The low turnout is one of the most worrying signals in these elections. Only 51.6 percent of the electorate went out to vote. The incumbent party the Georgian Dream – Democratic Georgia (GD) did win a striking mandate with 115 of the total 150 seats in the Georgian Parliament. The party will now be able to govern without support from other parties, and it also passed the 113 seats required to make constitutional changes.
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Georgian capital and several buildings that were important parts of the cultural heritage have been demolished in recent years. Repairing is both cross-cultural and culturally relative; it has similarities across the world and differences based on tradition and affordances. In this sense, the specificity of repair is not that it happens but rather that it highlights the values attached and its aesthetics and moral implications.
In Armenia, Azerbaijan, and Georgia an extended transition period is taking place, monitored and orchestrated by the European Council. Here it is investigated how to understand long-term interference of the international community in the affairs of states that strive to be recognized as democratic.
A growing number of architects, artists and academics have been protesting against the rapid transformation of the Old Town in Tbilisi, claiming that World Heritage is demolished. But there is a dilemma: many of the Old Town inhabitants welcome the changes.
The presidential elections of October 27th changed the political landscape of Georgia and showed signs of a mature democracy. The elections marked the end of Mikheil Saakashvilli’s ten year presidency. Giorgi Margvelashvili of the Georgian Dream (GD) won the presidential elections. It was a well administrated election, and the transition of power were peaceful.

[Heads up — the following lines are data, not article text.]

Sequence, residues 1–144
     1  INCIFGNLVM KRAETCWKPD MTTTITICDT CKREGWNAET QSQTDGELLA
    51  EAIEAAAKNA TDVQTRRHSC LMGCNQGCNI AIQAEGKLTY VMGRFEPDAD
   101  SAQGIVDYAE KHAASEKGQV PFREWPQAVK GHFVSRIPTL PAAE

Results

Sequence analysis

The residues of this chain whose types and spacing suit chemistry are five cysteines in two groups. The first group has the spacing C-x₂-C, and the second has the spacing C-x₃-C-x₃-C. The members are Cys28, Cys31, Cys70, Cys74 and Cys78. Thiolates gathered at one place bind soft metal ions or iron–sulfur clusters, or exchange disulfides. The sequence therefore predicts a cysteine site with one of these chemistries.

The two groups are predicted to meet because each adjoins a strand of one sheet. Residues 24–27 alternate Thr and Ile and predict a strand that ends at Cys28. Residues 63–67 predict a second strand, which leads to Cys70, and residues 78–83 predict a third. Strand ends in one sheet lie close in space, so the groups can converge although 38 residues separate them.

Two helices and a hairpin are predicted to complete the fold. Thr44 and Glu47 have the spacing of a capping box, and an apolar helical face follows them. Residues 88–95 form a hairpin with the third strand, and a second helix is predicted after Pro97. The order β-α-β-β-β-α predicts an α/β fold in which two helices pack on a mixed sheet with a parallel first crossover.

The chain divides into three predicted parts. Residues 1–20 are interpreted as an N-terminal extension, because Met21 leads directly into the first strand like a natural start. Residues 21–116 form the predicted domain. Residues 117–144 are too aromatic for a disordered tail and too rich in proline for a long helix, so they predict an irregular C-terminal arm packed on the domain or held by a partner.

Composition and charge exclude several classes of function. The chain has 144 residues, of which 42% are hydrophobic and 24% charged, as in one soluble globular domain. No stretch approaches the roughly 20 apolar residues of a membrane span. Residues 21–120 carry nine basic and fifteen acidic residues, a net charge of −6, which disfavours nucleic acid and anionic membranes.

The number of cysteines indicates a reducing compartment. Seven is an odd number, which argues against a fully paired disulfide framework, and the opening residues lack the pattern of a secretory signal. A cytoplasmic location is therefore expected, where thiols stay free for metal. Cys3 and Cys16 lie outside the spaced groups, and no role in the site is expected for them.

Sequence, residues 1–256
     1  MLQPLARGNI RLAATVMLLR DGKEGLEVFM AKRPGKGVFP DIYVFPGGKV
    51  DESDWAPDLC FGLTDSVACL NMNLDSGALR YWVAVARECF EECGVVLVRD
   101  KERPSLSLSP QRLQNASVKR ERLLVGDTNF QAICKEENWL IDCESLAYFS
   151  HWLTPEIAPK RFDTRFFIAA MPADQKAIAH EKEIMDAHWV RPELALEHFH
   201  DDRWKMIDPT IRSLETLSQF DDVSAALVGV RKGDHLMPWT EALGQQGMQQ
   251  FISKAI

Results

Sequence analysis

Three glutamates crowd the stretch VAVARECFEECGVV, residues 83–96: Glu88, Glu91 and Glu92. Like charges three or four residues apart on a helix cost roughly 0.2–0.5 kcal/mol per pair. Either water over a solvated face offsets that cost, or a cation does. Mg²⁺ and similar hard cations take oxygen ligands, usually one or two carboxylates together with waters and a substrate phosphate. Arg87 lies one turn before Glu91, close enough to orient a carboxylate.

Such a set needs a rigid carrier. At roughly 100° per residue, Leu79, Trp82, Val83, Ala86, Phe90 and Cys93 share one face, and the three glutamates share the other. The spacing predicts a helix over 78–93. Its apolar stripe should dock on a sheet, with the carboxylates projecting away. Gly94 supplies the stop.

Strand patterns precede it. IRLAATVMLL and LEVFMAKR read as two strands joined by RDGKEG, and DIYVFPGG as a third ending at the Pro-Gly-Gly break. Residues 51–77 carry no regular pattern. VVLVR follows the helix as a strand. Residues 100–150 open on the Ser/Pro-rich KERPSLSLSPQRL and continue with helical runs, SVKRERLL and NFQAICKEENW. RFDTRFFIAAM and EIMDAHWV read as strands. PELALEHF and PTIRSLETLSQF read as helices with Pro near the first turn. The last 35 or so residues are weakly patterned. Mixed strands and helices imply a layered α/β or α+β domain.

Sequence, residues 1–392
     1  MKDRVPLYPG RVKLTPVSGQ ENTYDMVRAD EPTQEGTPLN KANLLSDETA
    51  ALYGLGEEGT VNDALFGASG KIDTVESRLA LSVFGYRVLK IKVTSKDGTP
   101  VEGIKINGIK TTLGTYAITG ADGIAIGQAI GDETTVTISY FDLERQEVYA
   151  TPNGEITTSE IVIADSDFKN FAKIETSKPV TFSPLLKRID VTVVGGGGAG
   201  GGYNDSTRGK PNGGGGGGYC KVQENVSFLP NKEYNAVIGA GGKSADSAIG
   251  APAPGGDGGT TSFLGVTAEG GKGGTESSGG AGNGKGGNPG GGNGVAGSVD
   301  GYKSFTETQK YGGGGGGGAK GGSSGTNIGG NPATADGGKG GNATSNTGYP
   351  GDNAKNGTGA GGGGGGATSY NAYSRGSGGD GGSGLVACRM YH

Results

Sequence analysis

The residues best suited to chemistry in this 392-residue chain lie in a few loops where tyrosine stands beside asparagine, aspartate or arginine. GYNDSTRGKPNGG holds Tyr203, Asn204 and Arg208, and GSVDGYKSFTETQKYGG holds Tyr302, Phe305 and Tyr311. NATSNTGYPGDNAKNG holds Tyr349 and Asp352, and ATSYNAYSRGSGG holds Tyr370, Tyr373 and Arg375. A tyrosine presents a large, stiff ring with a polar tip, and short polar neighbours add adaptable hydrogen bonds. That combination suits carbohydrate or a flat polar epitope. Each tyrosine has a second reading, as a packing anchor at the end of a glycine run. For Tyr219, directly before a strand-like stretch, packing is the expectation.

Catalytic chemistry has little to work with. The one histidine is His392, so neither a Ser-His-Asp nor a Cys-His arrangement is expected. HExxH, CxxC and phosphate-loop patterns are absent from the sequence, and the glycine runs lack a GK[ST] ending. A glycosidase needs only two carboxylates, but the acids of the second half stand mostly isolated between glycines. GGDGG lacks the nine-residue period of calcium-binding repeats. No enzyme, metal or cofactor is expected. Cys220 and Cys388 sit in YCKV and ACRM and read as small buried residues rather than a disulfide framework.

The results of Georgia’s October 1 parliamentary elections came as a surprise to most observers, the ruling United National Movement party (UNM) and likely to the leaders of the Georgian Dream – Democratic Georgia (GD) opposition coalition itself.
Last month Baltic Worlds' reporter visited two conferences being held in Poland with the aim of discussing the one and half year of EU’s Eastern Partnership Policy (EaP) and trying to generate new proposals for the future work of the EU towards Armenia, Georgia, Azerbaijan, Ukraine, Moldova, and Belarus. The main aim of the EaP is to promote democracy and economic integration with the Union of the six countries involved in the program, which is not an easy task.